Sunday, August 9, 2009

The Berry So Nice, You Pick It Twice

Right about now, the state of Maine is groaning under the combined weight of the annual wild blueberry and raspberry crop, and of course, the trillions and trillions of mosquitoes. At least mosquitoes can fly, relieving some of the burden. But it’s up to us to pick those blueberries and raspberries to ensure that the state doesn’t snap off the continent and slide into the sea.

Unfortunately for us, evolution has gifted the lowly mosquito with one brilliant survival instinct. Instead of flying around randomly wasting precious energy looking for a source of warm blood, they wait patiently in blueberry and raspberry bushes, knowing full well that the blood will come to them.

To pick blueberries and raspberries, you have to get up very early in the morning. This is because it’s the coolest time of the day, when the mosquitoes are the most sluggish. This doesn’t mean that it’s actually cool, because even though it’s Maine, it’s still August. Maybe the temperature will be down around 65 – 70. So the mosquitoes are impaired, but not disabled.

Then, you must dress appropriately: long pants, closed shoes, high socks, and a hooded sweatshirt. Even in the cool of the morning, you sweat rivers in that getup from all the bending and stooping.

Finally, you have to cover the backs of your hands and your face in powerful insect repellant. Despite these precautions, black clouds of mosquitoes swarm around you, desperate for a taste of your precious bodily fluids.

There are two kinds of blueberry bushes: High Bush blueberries, and Low Bush blueberries. High Bush blueberry bushes produce a larger berry, and are easier to pick, so they’re grown in commercial blueberry operations. Maine is blessed with the other kind - the kind that grows about a foot off the ground, so you have to bend over for every damn berry. But it’s worth it. The Low Bush blueberries are much tastier.


Unfortunately, there’s only one kind of raspberry bush – the kind with thorns. When you pick raspberries in Maine, you lose a lot of blood to the mosquitoes and the thorns.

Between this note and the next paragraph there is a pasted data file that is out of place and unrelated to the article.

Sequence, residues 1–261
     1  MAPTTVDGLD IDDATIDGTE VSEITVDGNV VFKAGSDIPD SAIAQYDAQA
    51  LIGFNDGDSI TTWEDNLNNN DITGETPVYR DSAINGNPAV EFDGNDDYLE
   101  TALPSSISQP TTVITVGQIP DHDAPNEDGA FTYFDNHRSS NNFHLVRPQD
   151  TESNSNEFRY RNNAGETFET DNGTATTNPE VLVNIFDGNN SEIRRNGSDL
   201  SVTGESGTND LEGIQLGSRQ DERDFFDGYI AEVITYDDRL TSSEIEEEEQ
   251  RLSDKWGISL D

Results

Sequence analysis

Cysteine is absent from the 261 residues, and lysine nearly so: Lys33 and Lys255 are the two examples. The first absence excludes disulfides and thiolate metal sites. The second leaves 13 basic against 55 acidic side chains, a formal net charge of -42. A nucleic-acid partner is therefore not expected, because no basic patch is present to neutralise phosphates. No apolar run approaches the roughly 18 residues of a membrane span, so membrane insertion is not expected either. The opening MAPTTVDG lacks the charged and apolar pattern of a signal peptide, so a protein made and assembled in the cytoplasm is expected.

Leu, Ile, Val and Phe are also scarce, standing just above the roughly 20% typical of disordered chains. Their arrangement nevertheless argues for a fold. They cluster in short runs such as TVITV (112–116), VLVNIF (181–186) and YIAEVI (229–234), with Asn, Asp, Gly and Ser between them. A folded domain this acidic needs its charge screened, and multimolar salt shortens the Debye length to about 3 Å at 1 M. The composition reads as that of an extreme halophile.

We brought our freshly-picked berries back to the camp, where they had to be “picked.” It seems that sweaty, blood-deprived berry-pickers are careless, and the berry buckets wind up with lots of junk in them besides berries. So someone has to pick through the berries to remove leaves, twigs, unripe berries, mosquito corpses and wood ticks. Coincidentally, the person who volunteered for this task is a woman whose maiden name is Berry.


J* made a batch of fresh nutmeg scones the next day and everyone enjoyed them with a fresh berry topping.


One evening, we decided to have a lobster dinner. Because lobsters are considered a luxury food item, the current economic situation has slashed demand. But the lobster fishermen are still bringing in lobsters, which means the supply hasn’t diminished at all. So the price of lobsters in Maine has dropped to $2.99 a pound, which means that they’re cheaper than hot dogs.

Here I am, sending one poor, undervalued crustacean to a horrible, unnatural fate.


Soon, we had hot steamed lobsters, and we prepared to sit down for a delicious meal.


D* and J* eat lobster pretty regularly, so J* has a lot of lobster-themed tableware, as you can see in this picture. I’d like you to pay particular attention to the butter-warmers at each table setting:


Soon, we were all tearing lobsters limb-from-limb and having a wonderful time, although I’m sure the lobsters would disagree. The discard plate looked like some kind of lobster holocaust:


We started clearing plates, and someone tossed their napkin onto the table carelessly. Within moments, one of the butter-warmers had set it ablaze. D* picked it up with a fork and doused it in the sink, where J* lamented its loss.


I love lobster, but blueberries don’t catch fire.

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